A matter of control

August 3, 2009

Because my wife is a stand-up comedian, I spend a great deal of time sitting in shows watching comics do their thing. Sometimes, though, I watch the audience instead of the comics. While doing just this a few days ago I came to a realization. Here I was, sitting in a room full of people who had willingly paid to sit in the dark, to sink into anonymity, and to listen to the opinions of a spotlit individual standing on a raised pedestal, holding an electronic tube designed to make their voice heard above all others.

This struck me as a little strange. Most of the time our basic human nature is to try to stand out from the crowd, to be noticed and remembered. Why then this willingness to pay for a night of obscurity and anonymity beneath the shadow of a stage entertainer?

After mulling this around in the old noggin’ for a while, I came to a possible conclusion:

I think we all like to be controlled once in a while.

I’m no psychologist, and Freud would probably play twister in his grave if he heard me say this, but it seems to make sense. Most of us are raised under a mantle of parental control; we have fond (or sometimes not so fond) memories of our parent’s authority. From an evolutionary standpoint, the offspring of our ancestors that were hardwired to at least pay a little heed to parental control were probably the most likely to survive, right? Maybe not, but it sounds rational to me.

It’s easy to think those people sitting wreathed in smoke and darkness in the comedy bar had paid to be entertained. But did they really? If we dig on a deeper – perhaps subconscious – level, is it possible they were really there to be manipulated?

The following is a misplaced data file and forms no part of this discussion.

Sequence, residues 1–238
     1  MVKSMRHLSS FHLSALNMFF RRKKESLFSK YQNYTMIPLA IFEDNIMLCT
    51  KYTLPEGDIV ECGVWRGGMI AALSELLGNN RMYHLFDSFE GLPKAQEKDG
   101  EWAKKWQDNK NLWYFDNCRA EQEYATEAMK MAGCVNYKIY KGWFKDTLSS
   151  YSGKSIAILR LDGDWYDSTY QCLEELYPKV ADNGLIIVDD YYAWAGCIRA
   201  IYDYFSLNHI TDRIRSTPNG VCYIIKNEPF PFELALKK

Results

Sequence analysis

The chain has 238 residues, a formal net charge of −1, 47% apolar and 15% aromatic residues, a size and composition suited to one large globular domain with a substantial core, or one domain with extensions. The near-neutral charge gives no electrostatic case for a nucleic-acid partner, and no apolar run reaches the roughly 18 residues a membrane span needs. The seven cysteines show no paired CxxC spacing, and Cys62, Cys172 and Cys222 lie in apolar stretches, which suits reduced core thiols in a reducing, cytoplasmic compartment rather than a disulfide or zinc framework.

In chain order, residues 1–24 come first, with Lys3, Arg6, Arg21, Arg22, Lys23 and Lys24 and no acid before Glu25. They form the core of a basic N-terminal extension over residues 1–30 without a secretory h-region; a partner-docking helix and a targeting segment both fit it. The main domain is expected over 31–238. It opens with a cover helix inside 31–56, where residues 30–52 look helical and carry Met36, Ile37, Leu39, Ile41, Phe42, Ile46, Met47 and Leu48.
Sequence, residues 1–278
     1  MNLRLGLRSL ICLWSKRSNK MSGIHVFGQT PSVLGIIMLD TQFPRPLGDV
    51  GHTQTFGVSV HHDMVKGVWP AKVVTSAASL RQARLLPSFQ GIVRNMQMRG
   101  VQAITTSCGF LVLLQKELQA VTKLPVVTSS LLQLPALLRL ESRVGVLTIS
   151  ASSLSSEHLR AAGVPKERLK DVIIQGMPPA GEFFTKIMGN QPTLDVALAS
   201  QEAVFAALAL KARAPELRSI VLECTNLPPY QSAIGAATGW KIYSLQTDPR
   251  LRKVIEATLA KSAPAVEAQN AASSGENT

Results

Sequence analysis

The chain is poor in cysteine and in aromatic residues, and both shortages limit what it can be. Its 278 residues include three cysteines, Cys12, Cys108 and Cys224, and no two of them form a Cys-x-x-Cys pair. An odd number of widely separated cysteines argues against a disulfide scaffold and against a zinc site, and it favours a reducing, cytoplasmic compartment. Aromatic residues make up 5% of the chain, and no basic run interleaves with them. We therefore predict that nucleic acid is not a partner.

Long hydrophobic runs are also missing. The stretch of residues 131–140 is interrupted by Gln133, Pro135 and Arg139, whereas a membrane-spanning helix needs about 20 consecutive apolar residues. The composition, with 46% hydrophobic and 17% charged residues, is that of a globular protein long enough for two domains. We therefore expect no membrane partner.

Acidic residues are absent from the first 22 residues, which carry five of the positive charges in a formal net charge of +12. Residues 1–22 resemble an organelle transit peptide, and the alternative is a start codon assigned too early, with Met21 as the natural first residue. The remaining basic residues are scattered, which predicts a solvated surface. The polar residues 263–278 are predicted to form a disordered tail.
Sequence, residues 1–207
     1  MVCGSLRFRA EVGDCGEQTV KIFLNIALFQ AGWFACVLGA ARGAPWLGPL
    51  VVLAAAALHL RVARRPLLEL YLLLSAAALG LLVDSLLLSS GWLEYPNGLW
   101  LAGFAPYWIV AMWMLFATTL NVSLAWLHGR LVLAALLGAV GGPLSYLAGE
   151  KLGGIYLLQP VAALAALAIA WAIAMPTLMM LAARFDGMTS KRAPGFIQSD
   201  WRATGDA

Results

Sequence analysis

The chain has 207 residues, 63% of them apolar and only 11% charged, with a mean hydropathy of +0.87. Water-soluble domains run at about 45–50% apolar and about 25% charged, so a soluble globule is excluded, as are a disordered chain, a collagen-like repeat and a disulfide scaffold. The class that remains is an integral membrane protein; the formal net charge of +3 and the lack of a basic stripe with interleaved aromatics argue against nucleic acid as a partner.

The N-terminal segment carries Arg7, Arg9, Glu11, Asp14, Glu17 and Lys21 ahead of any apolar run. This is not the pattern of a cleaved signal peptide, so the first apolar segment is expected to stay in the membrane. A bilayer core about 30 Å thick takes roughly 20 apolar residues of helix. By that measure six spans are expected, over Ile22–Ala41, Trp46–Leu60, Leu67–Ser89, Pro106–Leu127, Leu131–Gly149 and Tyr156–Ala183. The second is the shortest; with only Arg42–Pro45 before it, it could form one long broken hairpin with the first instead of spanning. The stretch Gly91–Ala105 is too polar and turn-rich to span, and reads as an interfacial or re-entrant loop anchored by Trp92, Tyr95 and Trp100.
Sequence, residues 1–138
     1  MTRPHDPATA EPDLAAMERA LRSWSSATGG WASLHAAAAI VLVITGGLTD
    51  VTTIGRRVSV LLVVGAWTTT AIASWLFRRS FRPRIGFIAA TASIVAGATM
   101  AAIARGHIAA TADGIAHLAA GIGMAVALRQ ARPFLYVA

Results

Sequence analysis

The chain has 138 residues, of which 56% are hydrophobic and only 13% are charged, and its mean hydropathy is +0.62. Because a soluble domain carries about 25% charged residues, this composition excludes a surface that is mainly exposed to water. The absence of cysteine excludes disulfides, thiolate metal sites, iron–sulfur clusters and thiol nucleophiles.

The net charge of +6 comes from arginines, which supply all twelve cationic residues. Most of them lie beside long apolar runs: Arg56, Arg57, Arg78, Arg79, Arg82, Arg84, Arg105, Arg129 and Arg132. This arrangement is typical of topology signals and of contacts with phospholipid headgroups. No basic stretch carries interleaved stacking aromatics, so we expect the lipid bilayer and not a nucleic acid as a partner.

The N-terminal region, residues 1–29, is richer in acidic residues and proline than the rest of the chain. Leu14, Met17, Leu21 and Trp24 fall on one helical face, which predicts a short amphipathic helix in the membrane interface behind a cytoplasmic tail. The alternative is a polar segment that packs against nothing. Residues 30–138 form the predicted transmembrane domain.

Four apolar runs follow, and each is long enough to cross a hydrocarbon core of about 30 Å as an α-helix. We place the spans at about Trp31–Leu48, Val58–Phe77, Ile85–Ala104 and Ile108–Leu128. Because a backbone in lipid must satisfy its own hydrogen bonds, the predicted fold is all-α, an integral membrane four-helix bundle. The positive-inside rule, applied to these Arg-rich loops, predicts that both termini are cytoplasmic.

As with most of the cultural arts, the theory can easily be extended and transferred to the world of writing too. If I’m perfectly honest with myself, when I sit down with a new novel, yes certainly I’m looking for entertainment, and yes, I’m probably hoping to learn a thing or two; but most of all – I’m prostrating myself, opening and offering myself up for manipulation. The authors I come back to again and again are those who have successfully controlled my thoughts and engaged my emotions in the past. They are the master puppeteers, architects of false affecting circumstances. The longer and more effectively they control me, the quicker I will pick up their next work and willingly pay for the contrivance.

In our society today, manipulative and controlling are largely negative terms. People to whom those words are applied are typically avoided; works of art to which they are applied are viewed as base, unsophisticated, and worthless.

But I would argue otherwise. I would argue that the very best literature is that which has the means to control us in the most subtle and powerful ways possible.



One Response to “A matter of control”

  1. I wholeheartedly agree with you, Craig. Except for one thing. I don’t believe the majority of people really want to stand out from the crowd at all. They may dream of it when they stand in front of thier mirrors and pretend to rock stars or movie stars, but that’s generally as far as it goes. Most folks, it seems, are perfectly happy blending in and not causing a ruckus. They need to belong. It’s the other ones, the separated ones…the ones with “The Gene” that want, no…need to stand out.

    Manipulation and control are absolutely the motivators, I think, on both ends of the spectrum. For “normal” people, the idea of letting go and allowing another person to manipulate their emotions through literature, stand up comedy, theatre, music or film is so valuable that those who excel in these areas become not only incredibly wealthy, but are also regarded as the American version of royalty. And for the writers, comics, musicians, actors and filmmakers…once one realizes that he/she possesses the ability to effectively manipulate and control the emotions of strangers, it becomes an addiction.

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